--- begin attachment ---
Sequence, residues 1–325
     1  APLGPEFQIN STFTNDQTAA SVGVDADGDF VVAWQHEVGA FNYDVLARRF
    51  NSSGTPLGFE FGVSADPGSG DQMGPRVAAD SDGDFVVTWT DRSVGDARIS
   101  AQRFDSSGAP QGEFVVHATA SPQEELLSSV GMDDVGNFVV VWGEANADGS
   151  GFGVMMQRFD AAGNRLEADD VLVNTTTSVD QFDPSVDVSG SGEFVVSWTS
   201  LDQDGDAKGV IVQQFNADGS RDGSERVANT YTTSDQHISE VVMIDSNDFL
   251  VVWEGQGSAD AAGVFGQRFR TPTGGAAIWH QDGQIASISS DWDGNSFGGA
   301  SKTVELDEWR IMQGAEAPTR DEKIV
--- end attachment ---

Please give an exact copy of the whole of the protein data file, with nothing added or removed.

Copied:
Sequence, residues 1–325
     1  APLGPEFQIN STFTNDQTAA SVGVDADGDF VVAWQHEVGA FNYDVLARRF
    51  NSSGTPLGFE FGVSADPGSG DQMGPRVAAD SDGDFVVTWT DRSVGDARIS
   101  AQRFDSSGAP QGEFVVHATA SPQEELLSSV GMDDVGNFVV VWGEANADGS
   151  GFGVMMQRFD AAGNRLEADD VLVNTTTSVD QFDPSVDVSG SGEFVVSWTS
   201  LDQDGDAKGV IVQQFNADGS RDGSERVANT YTTSDQHISE VVMIDSNDFL
   251  VVWEGQGSAD AAGVFGQRFR TPTGGAAIWH QDGQIASISS DWDGNSFGGA
   301  SKTVELDEWR IMQGAEAPTR DEKIV